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Water Resources and Water Pollution

Water Resources and Water Pollution

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Water Resources and Water Pollution

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  1. Water Resources and Water Pollution Chapter 11


  3. Where is the water?

  4. Freshwater is an irreplaceable resource that we are managing poorly • A person could survive for only a few days without water.

  5. Functions or Services of Water • Water is needed to supply us with: • food, • shelter, • and meet our other daily needs and wants. • Water helps to: • sculpt the earth’s surface, • moderate climate, • and remove and dilute wastes and pollutants.

  6. Water is one of our most poorly managed resources. • People waste and pollute it. • We charge too little for making it available.

  7. How do people waste water? •

  8. What is the relationship between human activities and the water cycle?

  9. How are people affecting the water cycle? • The water cycle is disrupted by: • pollutants. • withdrawing water from underground and surface water supplies faster than it is replenished (overpumping).

  10. The water cycle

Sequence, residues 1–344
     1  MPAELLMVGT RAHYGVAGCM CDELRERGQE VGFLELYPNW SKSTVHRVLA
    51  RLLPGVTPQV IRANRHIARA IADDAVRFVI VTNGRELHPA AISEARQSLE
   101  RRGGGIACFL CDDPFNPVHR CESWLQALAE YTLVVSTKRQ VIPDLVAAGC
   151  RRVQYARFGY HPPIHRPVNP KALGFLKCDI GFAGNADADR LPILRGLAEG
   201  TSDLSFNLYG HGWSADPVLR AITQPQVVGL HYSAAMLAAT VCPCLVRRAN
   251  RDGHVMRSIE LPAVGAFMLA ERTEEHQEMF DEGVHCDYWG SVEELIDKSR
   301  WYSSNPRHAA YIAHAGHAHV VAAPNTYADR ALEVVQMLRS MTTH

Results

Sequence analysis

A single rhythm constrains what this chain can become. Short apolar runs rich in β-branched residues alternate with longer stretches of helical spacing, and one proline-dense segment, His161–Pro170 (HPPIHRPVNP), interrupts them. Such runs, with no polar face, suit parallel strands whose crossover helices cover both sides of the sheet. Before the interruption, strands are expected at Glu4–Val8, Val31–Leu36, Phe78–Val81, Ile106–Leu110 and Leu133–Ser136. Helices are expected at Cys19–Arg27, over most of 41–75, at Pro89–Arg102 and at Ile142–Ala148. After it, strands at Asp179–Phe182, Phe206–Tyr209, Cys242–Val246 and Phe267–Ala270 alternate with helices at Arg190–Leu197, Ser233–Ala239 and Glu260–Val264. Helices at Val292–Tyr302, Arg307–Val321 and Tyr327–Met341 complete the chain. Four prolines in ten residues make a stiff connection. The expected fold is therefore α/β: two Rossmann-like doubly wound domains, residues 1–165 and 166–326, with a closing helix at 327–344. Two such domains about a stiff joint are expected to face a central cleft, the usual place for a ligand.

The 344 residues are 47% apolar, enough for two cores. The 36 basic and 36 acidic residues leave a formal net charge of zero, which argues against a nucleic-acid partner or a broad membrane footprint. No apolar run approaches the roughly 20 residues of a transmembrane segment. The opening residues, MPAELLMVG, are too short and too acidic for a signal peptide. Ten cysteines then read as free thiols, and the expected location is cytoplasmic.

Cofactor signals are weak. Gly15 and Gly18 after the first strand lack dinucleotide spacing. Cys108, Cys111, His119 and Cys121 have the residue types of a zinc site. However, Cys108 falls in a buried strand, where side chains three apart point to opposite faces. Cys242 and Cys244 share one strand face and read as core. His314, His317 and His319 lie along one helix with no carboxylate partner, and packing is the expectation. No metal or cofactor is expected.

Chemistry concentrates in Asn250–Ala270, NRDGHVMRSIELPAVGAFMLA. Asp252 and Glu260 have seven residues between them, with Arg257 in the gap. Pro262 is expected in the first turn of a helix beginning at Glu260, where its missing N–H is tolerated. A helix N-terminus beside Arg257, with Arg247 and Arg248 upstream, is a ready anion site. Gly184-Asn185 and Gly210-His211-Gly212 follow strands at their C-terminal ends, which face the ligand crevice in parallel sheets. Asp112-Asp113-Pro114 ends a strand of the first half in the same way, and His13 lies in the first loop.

11. The Urban Water Cycle

  12. Groundwater • Ground water - precipitation that infiltrates the ground and percolates downward through spaces in soil, gravel, and rock until an impenetrable layer of rock stops it—one of our most important sources of freshwater. Know!

  13. The zone of saturation is where the spaces are completely filled with water. The top of this groundwater zone is the water table. Water table

  14. Ground water

  15. Aquifers • Aquifers: underground caverns and porous layers of sand, gravel, or bedrock through which groundwater flows—typically moving only a meter or so (about 3 feet) per year and rarely more than 0.3 meter (1 foot) per day. • • • Know!

  16. surface water • Surface water is the freshwater from precipitation and snowmelt that flows across the earth’s land surface and into lakes, wetlands, streams, rivers, estuaries, and ultimately to the oceans.

  17. Where is the water going?

  18. Water Shortages • •

  19. Freshwater shortages will grow • The main factors that cause water scarcity in any particular area are: • a dry climate, • drought, • too many people using a water supply more quickly than it can be replenished, and • wasteful use of water.